- Continuous vs. One Point in Time: A pen test offers a snapshot of an organization’s defenses at a specific point in time. Not only does BAS automate the testing process, but it also performs it continuously. BAS is exactly the solution for testing all the time across a broad spectrum of different kinds of attacks and helping identify vulnerabilities as changes happen in your network. Therefore, the organization can know its security posture at any given time and know how to focus its resources on the most critical issues.
“Penetration testing helps answer the question ‘can they get in?’; BAS tools answer the question ‘does my security work?’,” Gartner’s research VP and analyst Anton Chuvakin summarized. XM Cyber goes one step beyond and addresses the only crucial question for enterprises: “are my critical assets really secure?”
Purple Team: Automation + Remediation Solution
HaXM by XM Cyber is the first BAS platform to simulate, validate and remediate attackers’ paths to your critical assets 24×7. HaXM’s automated purple teaming aligns red and blue teams to provide the full realistic APT experience on one hand while delivering vital prioritized remediation on the other. Addressing real user behavior and exploits, the full spectrum of scenarios is aligned to your organization’s own network to expose blind spots and is executed using the most up-to-date attack techniques safely, without affecting network availability and user experience.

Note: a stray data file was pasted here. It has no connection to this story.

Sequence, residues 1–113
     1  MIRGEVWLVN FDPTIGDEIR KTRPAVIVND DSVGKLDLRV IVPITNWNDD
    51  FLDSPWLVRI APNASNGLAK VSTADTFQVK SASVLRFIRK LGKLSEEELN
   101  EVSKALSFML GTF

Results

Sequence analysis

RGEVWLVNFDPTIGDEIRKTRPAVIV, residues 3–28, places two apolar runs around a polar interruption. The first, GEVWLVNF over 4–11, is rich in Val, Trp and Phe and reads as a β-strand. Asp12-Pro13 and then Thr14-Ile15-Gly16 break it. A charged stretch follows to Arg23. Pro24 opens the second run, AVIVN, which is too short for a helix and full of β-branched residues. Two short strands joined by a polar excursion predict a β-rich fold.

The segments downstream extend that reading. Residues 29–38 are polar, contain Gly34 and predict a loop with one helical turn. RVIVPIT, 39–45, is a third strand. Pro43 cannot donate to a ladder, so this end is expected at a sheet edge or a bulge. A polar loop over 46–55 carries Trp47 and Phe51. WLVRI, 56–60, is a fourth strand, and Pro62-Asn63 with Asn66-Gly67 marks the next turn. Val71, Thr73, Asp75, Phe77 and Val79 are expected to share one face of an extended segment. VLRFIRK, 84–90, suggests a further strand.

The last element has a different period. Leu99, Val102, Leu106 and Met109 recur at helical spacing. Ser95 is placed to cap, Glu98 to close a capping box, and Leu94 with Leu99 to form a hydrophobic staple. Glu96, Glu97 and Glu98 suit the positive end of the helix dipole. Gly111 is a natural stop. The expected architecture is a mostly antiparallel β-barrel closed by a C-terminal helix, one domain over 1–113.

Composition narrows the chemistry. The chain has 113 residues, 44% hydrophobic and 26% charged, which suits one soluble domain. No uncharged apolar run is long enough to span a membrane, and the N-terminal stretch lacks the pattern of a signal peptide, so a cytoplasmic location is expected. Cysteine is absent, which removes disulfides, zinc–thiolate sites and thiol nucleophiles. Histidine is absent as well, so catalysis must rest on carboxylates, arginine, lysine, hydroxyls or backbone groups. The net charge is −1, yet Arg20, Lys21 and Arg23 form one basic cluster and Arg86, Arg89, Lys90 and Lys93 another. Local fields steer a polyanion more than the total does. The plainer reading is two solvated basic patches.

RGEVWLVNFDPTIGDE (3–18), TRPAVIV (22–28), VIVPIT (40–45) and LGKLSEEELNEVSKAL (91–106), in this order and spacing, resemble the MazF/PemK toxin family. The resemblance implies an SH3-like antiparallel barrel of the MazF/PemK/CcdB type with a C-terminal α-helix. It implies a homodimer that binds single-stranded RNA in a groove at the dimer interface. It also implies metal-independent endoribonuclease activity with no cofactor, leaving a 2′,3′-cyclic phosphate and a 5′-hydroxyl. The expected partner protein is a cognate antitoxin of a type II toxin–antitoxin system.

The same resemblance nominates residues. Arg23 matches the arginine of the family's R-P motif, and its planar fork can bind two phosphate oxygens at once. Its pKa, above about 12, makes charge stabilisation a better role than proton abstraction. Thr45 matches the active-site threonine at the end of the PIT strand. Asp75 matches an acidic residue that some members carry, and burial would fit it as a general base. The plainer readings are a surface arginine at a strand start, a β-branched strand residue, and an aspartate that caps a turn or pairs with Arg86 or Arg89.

The move to automation empowers organizations with the ability to gain a worm’s eye view into new back doors and blind spots as soon as they appear and move to remediate them immediately without delay.
Will Breach and Attack Simulation and Red Teams Kill the Pen Test?
Gartner’s Barros has raised an interesting discussion about the role of the pen test, which he believes will cease to exist.
“Simple pen testing, for pure vulnerability finding goals and with no intent to replicate threat behavior, will vanish. This is different from the pen test that many people will prefer to call ‘red team exercises’, those very high-quality exercises where you really try to replicate the approach and methods of real threats. That approach is in fact growing, and that growth is one of the factors that will kill the vanilla pen test,” he wrote.
“BAS automates the simple pen test, performing the basic cycle of scan/exploit/repeat-until-everything-is-owned. If you have the ability to do that with a simple click of a button, why would you use a human to do that? The tool can ensure consistency, provide better reporting and do it faster. Not to mention requiring fewer skills,” he added.